At the end I was breathless and teary. I witnessed something unique and transformative, unusual and terrific. I saw all of the colors that Joni painted into the album, and so many more.

    It was a show that should have played to a packed club, or even on the main stage of the Kimmel Center, and I was watching it from the back corner of what is effectively a living room with a bar and a stage along with twenty, maybe thirty fans.

    .

    I’m inexplicably nervous to talk to other musicians, a condition that’s becoming increasingly paradoxical as I play more frequently. I am one, so shouldn’t I understand how to approach one?

    Samantha – delicate and composed on the stage – was twinkling and approachable off it it. I think I heard her boasting to another fan that she could defeat him at any Mario-based game. Eventually I noticed her by herself at the bar and plunged in.

    “That was so good. Blue is one of my favorite records, ever. You really did it justice.”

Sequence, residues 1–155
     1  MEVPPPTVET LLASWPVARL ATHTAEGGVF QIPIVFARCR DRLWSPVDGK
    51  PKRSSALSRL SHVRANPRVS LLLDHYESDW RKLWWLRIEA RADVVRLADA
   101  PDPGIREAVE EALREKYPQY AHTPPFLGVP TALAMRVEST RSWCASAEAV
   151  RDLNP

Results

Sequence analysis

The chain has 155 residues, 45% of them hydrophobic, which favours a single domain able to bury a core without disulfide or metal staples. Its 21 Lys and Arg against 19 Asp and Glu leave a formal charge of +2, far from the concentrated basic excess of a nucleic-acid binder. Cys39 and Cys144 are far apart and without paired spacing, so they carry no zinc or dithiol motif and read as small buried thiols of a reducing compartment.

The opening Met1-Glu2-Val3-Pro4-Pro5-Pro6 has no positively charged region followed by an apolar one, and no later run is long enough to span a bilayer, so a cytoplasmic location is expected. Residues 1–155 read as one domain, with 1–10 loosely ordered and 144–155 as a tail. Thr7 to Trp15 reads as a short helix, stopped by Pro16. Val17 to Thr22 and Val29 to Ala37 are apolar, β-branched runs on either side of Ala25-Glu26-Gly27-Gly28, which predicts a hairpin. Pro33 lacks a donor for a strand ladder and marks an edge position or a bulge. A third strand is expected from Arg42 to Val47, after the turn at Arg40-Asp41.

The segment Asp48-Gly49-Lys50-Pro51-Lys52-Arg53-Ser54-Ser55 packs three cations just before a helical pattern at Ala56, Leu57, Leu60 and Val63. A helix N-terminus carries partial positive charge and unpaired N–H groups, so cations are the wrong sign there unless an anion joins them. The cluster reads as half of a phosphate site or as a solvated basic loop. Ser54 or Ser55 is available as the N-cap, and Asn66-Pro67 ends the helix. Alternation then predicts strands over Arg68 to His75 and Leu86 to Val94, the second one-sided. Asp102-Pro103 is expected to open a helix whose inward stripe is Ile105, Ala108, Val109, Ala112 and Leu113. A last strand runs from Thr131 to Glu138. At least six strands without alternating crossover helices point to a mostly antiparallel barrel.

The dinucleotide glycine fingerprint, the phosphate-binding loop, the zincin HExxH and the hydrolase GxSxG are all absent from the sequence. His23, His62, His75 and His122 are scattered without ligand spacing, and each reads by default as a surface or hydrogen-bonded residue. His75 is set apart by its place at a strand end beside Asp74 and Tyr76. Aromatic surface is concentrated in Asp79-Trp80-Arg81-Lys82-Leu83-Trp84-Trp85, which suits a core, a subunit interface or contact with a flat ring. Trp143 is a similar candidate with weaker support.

“Wow, thank you. It’s one of mine too!”

    And so we just talked, just for a minute or two – the easy chatter of two people who love music. She shook my hand and jotted down her information on the pad I had been sketching out my next Trios on, and parted with a nod and a smile, settling in to enjoy Alexandra’s equally amazing set.

    .

    Three days later and I still can’t get her and Ellipsis out of my head. In that last post I wondered if I still saw colors in the world, but Samantha answered that question neatly. Sometimes you just need someone to show you where to look.

    Hitching: Groom Team Style, pt. 2

    When we last left our intrepid nuptial heroes we were all slinking out of David’s Bridal hoping that they wouldn’t call the cops on me.

    Okay, not really. But, if we had stayed much longer I’m sure my photo would have wound up behind the register along with the people who write bad checks.

    Lindsay, Matador from rear Though our negative experience soured me on the idea of big box bridal stores, Lindsay and I did come away with an idea of what my groom’s-ladies would wear. We decided on a combination of platinum and black, which meant we’d most likely need separates – lest we be left to the haphazard whim of multi-color one-pieces.

    We also needed the ladies on Team Groom to look more groomy than maidsy, so we decided to add a matador jacket to make them more tux-like.